The story behind the creation of IQ-Fit

Raf Peeters, January 2012

I designed IQ-Fit as a new variation to a popular puzzle theme: to fill up an area with puzzle pieces starting with already a few puzzle pieces on the game board. At first sight, it looks like IQ-Puzzler. But this is only so if you don't look very carefully. In fact, the concept is almost the opposite. 


With IQ-Puzzler you can make a 3D shape (a pyramid) with 2D puzzle pieces. But in IQ-Fit the puzzle pieces have balls sticking out in 3 dimensions. The object of this game is to create a 2D (flat) surface on the game board with 3D puzzle pieces. This is only possible if you "hide" one of the protruding sides of each puzzle piece inside the holes of the grid.

But wait, there is more. One of the protruding sides of each puzzle piece has 1 ball (A), the other side has 2 balls (B). So depending on how you orientate the puzzle piece, you get a puzzle piece with more or less visible balls. The game board has a grid with 50 holes. And all holes need to be covered by puzzle pieces. So if you start with puzzle pieces with a lot of balls, you might have puzzle pieces left over at the end with too many balls that don't fit. Or visa versa, you don't have enough balls to cover all holes. This is what really differentiates this game from all other 2D assembly puzzles.


Because you have 10 puzzle pieces with 2 different sides, there are in fact 20 different possibilities to choose from. You might think that this will lead to many solutions, but every challenge has just one. That is also different from the original IQ-Puzzler (not the newer PRO version), where most challenges have several solutions. The easiest challenges show you the position and orientation of 8 puzzle pieces, the hardest challenges show you only 2. 

There are 120 challenges in this game. I started with 100 challenges, just like I did for IQ-Twist. But some people (and kids) found the first level of that game too difficult to start with. So we created 20 extra challenges for IQ-Fit that are very, very easy. So for puzzle experts the number of "real challenges" is 100.


Although I personally don't like to solve this kind of puzzles (it drives me mad), I do like the way IQ-Fit looks. The shapes are balls connected to each other, but are more like little drops. And they also feel very nice to manipulate. When I developed this puzzle game, I decided to keep the bottom open, so that people with thick fingers (not to mention my boss) could easily lift up puzzle pieces from underneath the game board. This is still possible, although I never actually needed to do this when I play tested the challenges. But then again, I don't have thick fingers. The final product name is perfect. Your brain needs to be “fit” enough to “fit” all puzzle pieces on the game board. OK, stupid word play, but the working title for this game was "IQ-hole" and that didn't sound very commercially.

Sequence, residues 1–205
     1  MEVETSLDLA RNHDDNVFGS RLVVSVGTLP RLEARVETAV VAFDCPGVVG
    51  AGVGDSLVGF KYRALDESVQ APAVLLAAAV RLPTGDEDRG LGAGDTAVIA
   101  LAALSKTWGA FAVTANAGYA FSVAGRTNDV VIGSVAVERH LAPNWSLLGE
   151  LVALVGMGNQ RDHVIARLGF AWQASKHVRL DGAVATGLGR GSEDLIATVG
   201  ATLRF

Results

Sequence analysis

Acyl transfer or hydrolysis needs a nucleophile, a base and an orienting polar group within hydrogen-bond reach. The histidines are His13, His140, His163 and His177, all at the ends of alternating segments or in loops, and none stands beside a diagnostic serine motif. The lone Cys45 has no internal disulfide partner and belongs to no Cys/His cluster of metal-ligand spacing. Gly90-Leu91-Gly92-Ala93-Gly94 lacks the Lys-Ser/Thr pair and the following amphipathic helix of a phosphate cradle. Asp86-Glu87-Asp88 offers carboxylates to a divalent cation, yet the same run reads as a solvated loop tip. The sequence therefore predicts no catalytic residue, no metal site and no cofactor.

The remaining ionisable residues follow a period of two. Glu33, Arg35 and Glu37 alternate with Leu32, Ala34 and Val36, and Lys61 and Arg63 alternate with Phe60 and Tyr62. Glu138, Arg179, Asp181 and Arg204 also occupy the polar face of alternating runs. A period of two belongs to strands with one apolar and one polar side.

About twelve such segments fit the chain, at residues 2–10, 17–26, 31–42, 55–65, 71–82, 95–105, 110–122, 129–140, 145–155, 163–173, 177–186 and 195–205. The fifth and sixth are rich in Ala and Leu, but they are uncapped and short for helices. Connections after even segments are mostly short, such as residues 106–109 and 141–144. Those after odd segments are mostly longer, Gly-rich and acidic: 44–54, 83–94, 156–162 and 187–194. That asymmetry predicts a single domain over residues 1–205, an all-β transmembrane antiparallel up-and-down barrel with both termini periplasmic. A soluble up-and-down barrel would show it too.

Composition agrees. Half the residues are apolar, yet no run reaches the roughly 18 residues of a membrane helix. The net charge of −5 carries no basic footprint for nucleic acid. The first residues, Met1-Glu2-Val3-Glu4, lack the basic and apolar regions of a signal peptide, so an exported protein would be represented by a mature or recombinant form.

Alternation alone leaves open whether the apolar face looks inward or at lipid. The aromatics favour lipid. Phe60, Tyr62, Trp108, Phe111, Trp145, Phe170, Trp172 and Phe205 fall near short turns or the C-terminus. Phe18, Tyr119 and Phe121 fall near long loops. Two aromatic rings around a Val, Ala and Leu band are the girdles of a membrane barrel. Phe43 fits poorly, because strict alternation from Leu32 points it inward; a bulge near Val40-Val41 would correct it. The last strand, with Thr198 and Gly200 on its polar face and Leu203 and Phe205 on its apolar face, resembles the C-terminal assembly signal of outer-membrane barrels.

BTW, I get a lot of e-mails about people who found other ways to fill up the grid. There are 150.675 ways to do this, but we made a selection of the 120 most interesting for the challenges in the booklet. So don’t ask me if I forgot a specific one and that it can be included in the next revision. The answer on both questions is “no”, but if you like to search for all possible packings, I will not stop you ;-)

Both sides of the 10 puzzle pieces of IQ-Fit

Example of a challenge (left) and solution (right) of IQ-Fit


1) Pick a challenge and place the required puzzle pieces as indicated. These puzzle pieces may not change position.

2) Now put all the other puzzle pieces on the game board:

• Every puzzle piece has got two protruding sides. On one side there is one ball sticking out, on the other side two balls.

• Put your puzzle pieces with one of the sides down, so they fit in the holes of the game board.

• When you want to change the position of a playing piece, you can easily lift the piece by pushing it up with your fingers from under the bottom of the game board.

3) You have found the correct solution when all the puzzle pieces fit on the game board and there are no holes left visible on the board. Some protruding balls have to be fitted into the holes in order to create a totally flat top side. There is only one correct solution. You can find it in the back of the booklet.

Website ©2012 Raf Peeters

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